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For a CPA-secure encryption scheme, suppose that there is an adversary who can find that the two ciphertexts are encrypted from the same plaintext.

Is this encryption scheme still CPA secure?

Or, CPA security only models whether the adversary can find out what plaintext is encrypted, regardless of the above situation

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Recall that the adversary in the IND-CPA security game gets a "left-right oracle":

$$\mathsf{LR}(m_0,m_1) := \mathsf{Enc}_{pk}(m_b)$$

where $b\in\{0,1\}$ is a secret bit that the adversary has to try to recover.

suppose that there is an adversary who can find that the two ciphertexts are encrypted from the same plaintext.

In the above, you can see that there is only one ciphertext though --- $\mathsf{LR}(m_0,m_1)$ returns the single ciphertext $\mathsf{Enc}_{pk}(m_b)$. This means I am not 100% sure of what you intend to ask. If we modify your question to:

Suppose there is an adversary $\mathcal{A}$ who, given two arbitrary ciphertexts $c, c'$ encrypted under the same public key, can determine whether they encrypt the same thing --- meaning can answer the question $$\mathsf{Dec}_{sk}(c)\stackrel{?}{=}\mathsf{Dec}_{sk}(c')$$ Can this adversary break IND-CPA security?

The answer is yes. The attack is simple --- for distinct $m_0, m_1, m_2$, query $c\gets \mathsf{LR}(m_0, m_1)$, $c'\gets \mathsf{LR}(m_2, m_1)$. If the adversary determines that $c, c'$ encrypt the same message, then both $\mathsf{LR}$ queries encrypted $m_1$, e.g. $b = 1$. Otherwise, $b = 0$.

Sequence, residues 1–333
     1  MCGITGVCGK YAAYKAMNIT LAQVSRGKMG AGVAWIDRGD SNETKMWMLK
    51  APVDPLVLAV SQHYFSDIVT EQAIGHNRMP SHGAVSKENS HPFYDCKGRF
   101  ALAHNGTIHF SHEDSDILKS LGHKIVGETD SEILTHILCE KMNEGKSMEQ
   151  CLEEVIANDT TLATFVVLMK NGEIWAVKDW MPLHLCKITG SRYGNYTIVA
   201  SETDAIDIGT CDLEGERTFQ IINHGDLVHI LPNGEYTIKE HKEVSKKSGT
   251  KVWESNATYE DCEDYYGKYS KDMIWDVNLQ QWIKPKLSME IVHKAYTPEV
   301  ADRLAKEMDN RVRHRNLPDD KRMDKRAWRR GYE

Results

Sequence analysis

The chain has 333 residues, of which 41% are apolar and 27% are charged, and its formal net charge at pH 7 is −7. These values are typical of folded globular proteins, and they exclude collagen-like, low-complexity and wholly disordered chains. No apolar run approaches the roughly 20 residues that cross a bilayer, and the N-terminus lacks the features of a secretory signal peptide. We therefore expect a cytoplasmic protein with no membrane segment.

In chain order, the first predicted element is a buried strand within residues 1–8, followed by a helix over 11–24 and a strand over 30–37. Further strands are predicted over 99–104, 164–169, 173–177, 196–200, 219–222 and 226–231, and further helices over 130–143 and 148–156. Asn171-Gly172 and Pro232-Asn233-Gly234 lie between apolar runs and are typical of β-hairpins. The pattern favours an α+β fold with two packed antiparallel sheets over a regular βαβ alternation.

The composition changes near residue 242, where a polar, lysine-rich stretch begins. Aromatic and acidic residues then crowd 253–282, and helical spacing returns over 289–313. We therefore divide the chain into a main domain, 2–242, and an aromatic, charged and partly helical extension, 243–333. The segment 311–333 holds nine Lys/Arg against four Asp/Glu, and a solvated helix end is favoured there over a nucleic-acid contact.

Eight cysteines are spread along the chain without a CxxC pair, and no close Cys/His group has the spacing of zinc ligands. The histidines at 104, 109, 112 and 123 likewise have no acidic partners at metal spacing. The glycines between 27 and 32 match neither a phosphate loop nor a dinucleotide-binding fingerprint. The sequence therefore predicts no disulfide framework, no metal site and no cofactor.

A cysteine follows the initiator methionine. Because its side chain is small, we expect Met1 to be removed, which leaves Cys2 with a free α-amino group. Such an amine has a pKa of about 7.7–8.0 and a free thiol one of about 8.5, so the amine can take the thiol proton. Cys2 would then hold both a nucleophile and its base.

This is actually the foundation of a fairly fundamental result in public-key encryption.

Deterministic public-key encryption is impossible.

I think the citation for this is Goldwasser-Micali 1982, but regardless of the particulars it is one of the "early" results in theoretical cryptography. To prove this, all you need to do is notice that if $\mathsf{LR}$ is deterministic, building the adversary $\mathcal{A}$ we mentioned before is quite simple (I'll let you think of how). We can then mount the attack we mentioned before.

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  • $\begingroup$ Thank you for your clear explanation. $\endgroup$ Sep 17 at 7:06

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